• Duy Nguyen's avatar
    shallow.c: the 8 steps to select new commits for .git/shallow · 58babfff
    Duy Nguyen authored
    Suppose a fetch or push is requested between two shallow repositories
    (with no history deepening or shortening). A pack that contains
    necessary objects is transferred over together with .git/shallow of
    the sender. The receiver has to determine whether it needs to update
    .git/shallow if new refs needs new shallow comits.
    
    The rule here is avoid updating .git/shallow by default. But we don't
    want to waste the received pack. If the pack contains two refs, one
    needs new shallow commits installed in .git/shallow and one does not,
    we keep the latter and reject/warn about the former.
    
    Even if .git/shallow update is allowed, we only add shallow commits
    strictly necessary for the former ref (remember the sender can send
    more shallow commits than necessary) and pay attention not to
    accidentally cut the receiver history short (no history shortening is
    asked for)
    
    So the steps to figure out what ref need what new shallow commits are:
    
    1. Split the sender shallow commit list into "ours" and "theirs" list
       by has_sha1_file. Those that exist in current repo in "ours", the
       remaining in "theirs".
    
    2. Check the receiver .git/shallow, remove from "ours" the ones that
       also exist in .git/shallow.
    
    3. Fetch the new pack. Either install or unpack it.
    
    4. Do has_sha1_file on "theirs" list again. Drop the ones that fail
       has_sha1_file. Obviously the new pack does not need them.
    
    5. If the pack is kept, remove from "ours" the ones that do not exist
       in the new pack.
    
    6. Walk the new refs to answer the question "what shallow commits,
       both ours and theirs, are required in .git/shallow in order to add
       this ref?". Shallow commits not associated to any refs are removed
       from their respective list.
    
    7. (*) Check reachability (from the current refs) of all remaining
       commits in "ours". Those reachable are removed. We do not want to
       cut any part of our (reachable) history. We only check up
       commits. True reachability test is done by
       check_everything_connected() at the end as usual.
    
    8. Combine the final "ours" and "theirs" and add them all to
       .git/shallow. Install new refs. The case where some hook rejects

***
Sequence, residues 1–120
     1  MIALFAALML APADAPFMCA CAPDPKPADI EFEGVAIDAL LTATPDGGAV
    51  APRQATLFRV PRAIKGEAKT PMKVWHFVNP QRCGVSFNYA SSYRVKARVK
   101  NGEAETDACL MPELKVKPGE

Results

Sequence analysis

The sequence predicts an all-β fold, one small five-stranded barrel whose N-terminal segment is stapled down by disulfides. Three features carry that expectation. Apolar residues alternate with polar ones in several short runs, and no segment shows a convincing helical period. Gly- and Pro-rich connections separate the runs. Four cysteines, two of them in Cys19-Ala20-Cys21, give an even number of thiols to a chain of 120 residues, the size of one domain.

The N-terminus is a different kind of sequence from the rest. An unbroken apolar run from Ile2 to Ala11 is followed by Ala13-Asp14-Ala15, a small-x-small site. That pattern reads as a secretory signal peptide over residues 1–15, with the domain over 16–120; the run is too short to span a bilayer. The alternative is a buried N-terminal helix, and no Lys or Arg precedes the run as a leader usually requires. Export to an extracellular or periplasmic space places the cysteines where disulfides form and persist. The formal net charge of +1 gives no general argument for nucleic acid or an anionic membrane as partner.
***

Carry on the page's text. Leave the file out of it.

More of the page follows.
some refs on a push is explained in more detail in the push
       patches.
    
    Of these steps, #6 and #7 are expensive. Both require walking through
    some commits, or in the worst case all commits. And we rather avoid
    them in at least common case, where the transferred pack does not
    contain any shallow commits that the sender advertises. Let's look at
    each scenario:
    
    1) the sender has longer history than the receiver
    
       All shallow commits from the sender will be put into "theirs" list
       at step 1 because none of them exists in current repo. In the
       common case, "theirs" becomes empty at step 4 and exit early.
    
    2) the sender has shorter history than the receiver
    
       All shallow commits from the sender are likely in "ours" list at
       step 1. In the common case, if the new pack is kept, we could empty
       "ours" and exit early at step 5.
    
       If the pack is not kept, we hit the expensive step 6 then exit
       after "ours" is emptied. There'll be only a handful of objects to
       walk in fast-forward case. If it's forced update, we may need to
       walk to the bottom.
    
    3) the sender has same .git/shallow as the receiver
    
       This is similar to case 2 except that "ours" should be emptied at
       step 2 and exit early.
    
    A fetch after "clone --depth=X" is case 1. A fetch after "clone" (from
    a shallow repo) is case 3. Luckily they're cheap for the common case.
    
    A push from "clone --depth=X" falls into case 2, which is expensive.
    Some more work may be done at the sender/client side to avoid more
    work on the server side: if the transferred pack does not contain any
    shallow commits, send-pack should not send any shallow commits to the
    receive-pack, effectively turning it into a normal push and avoid all
    steps.
    
    This patch implements all steps except #3, already handled by
    fetch-pack and receive-pack, #6 and #7, which has their own patch due
    to their size.
    
    (*) in previous versions step 7 was put before step 3. I reorder it so
        that the common case that keeps the pack does not need to walk
        commits at all. In future if we implement faster commit
        reachability check (maybe with the help of pack bitmaps or commit
        cache), step 7 could become cheap and be moved up before 6 again.
    Signed-off-by: Duy Nguyen's avatarNguyễn Thái Ngọc Duy <[email protected]>
    Signed-off-by: default avatarJunio C Hamano <[email protected]>
    58babfff
trace.c 4.69 KB